Art, specifically of the performance variety, doesn’t exactly have a history of inclusivity. In recent years, a wider range of faces and voices has begun to find time in the spotlight, representing the wide net that America has to offer. Among those at the forefront of that cause in Arkansas is the LatinX Theatre Project (LXTP) in Fayetteville.
Ashley Edwards, artistic director at LXTP, was teaching in the theater department at Northwest Arkansas Community College in 2017 when she was approached to start a theater program for local Latinx youth.
“The purpose of the project was to get the local Latinx youth involved and share their stories,” Edwards says. “The local Latinx population is underrepresented, and we wanted to uplift their voices. It says Latinx, but we don’t only have Latinx artists in our program. We want to share all stories.”
Kicking off in spring 2017, the program performed at Northwest Arkansas Community College with a performance organized by Edwards. The debut play was so well-received that the Crystal Bridges Museum of American Art invited the group to perform the following weekend — and a few more after that.
“Funding at that time was provided by the Brown Foundation and the Walton Family Foundation, and because the program was so loved by the community, we came together and applied for another year of performances,” Edwards says. “We brought all the same people back and invited more.”
Associate Artistic Director M. Sativa Vela was part of the first ensemble. She, along with other original members, stayed on and is still helping the program grow.
“When I joined, a few of us were all seniors in high school, and it worked that year because we were about to graduate,” Vela explains. “Once we started to grow, we noticed 18-and-up works better — especially for traveling and for the contracts. [The process] is more mature.”
The traveling Vela references does not only pertain to locations around Arkansas. LXTP has journeyed to Los Angeles and Chicago, to name only a few destinations. In the four years that the program has been around, the ensemble has evolved to include diverse forms of artistic expression.
“One big thing about our company that’s different from every other company is that everything we create is from us,” Edwards explains. “We create new rights of work, and that’s kind of why I was brought on at the beginning to write plays with everyone. Now, everyone writes, everyone performs, and everything is a group effort. Movement, music, poetry — we have all different types of artists in our group and we’re committed to being nontraditional. We want to be different intentionally.”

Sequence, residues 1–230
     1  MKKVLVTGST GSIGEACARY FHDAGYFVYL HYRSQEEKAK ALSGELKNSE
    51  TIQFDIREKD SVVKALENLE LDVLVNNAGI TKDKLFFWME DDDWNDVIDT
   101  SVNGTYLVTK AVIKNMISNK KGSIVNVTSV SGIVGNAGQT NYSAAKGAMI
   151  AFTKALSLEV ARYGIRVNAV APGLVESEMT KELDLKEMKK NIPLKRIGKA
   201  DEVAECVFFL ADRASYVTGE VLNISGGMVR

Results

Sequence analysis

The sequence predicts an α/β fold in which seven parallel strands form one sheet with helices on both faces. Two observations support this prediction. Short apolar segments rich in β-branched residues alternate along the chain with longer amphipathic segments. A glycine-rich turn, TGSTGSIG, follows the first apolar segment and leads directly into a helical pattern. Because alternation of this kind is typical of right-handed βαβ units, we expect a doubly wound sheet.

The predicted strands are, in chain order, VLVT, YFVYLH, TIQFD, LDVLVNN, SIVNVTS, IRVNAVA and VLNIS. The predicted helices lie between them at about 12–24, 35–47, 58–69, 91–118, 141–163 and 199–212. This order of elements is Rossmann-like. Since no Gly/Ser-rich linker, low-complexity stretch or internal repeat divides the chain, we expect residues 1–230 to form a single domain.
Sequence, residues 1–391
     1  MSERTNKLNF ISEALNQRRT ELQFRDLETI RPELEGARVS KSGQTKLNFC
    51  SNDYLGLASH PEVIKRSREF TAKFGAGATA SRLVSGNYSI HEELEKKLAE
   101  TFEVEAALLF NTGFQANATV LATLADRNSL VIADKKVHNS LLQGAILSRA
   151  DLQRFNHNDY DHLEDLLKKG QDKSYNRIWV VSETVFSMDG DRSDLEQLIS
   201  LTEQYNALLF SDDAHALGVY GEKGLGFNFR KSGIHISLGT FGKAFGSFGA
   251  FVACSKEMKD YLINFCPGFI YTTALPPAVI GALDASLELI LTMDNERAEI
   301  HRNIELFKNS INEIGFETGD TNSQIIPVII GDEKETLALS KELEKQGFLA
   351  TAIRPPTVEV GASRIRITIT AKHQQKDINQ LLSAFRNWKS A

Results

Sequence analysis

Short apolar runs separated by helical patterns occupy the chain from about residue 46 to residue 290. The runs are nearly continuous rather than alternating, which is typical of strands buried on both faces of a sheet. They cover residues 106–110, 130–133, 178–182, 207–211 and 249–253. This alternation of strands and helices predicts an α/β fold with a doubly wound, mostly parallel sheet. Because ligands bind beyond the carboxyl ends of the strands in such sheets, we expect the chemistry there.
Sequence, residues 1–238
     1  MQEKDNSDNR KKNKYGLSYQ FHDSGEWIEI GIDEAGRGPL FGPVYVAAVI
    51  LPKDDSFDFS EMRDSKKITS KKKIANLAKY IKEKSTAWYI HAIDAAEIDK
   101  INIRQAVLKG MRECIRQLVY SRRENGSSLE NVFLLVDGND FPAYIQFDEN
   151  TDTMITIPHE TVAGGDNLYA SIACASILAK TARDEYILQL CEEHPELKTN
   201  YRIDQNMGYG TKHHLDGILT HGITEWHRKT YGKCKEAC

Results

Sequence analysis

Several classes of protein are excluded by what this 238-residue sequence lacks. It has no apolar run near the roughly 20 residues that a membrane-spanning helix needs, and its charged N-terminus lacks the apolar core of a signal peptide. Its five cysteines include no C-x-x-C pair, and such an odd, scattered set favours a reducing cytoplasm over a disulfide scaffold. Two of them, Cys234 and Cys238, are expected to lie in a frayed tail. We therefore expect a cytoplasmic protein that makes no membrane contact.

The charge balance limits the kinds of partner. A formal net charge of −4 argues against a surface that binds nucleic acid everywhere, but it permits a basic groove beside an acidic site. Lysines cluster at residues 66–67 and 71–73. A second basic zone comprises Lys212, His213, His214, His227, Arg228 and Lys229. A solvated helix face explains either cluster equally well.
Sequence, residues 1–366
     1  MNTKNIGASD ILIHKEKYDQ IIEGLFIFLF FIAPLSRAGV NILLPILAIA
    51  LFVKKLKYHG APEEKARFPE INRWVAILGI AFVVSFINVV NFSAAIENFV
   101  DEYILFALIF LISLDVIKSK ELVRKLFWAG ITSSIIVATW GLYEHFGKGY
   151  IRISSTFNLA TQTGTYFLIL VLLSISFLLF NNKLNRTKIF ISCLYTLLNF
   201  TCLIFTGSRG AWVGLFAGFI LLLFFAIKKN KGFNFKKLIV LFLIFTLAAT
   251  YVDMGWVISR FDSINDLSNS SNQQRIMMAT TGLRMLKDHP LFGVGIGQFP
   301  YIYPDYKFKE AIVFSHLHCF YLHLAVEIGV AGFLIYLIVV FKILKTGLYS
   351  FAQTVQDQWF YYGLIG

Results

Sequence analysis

On top of live stage performances, LXTP also records its own music for different platforms. With the help of its very own music producer, the ensemble uses music as another outlet to share stories and reach out to audiences. Whether it be a play or a song, everything LXTP creates is purposeful.
“The first year we started, 2017, was a pretty sensitive year — especially for immigrants in our family,” Edwards shares. “So right off the bat, we were confronting issues that were not talked about enough. I know there’s a lot of people that hadn’t engaged in these conversations before, but seeing [stories] played out in front of you can change perspective. [The audience] becomes a part of these characters, [the audience] follows these characters and [the audience] understands their story better. I think we can help people know what’s going on and how [social issues] affect individuals. Why do we do this? I think this goes a lot farther than preaching to them or giving them a lecture with educational materials. I think it’s just a really good and different way because it’s interesting and captures attention where attention needs to be.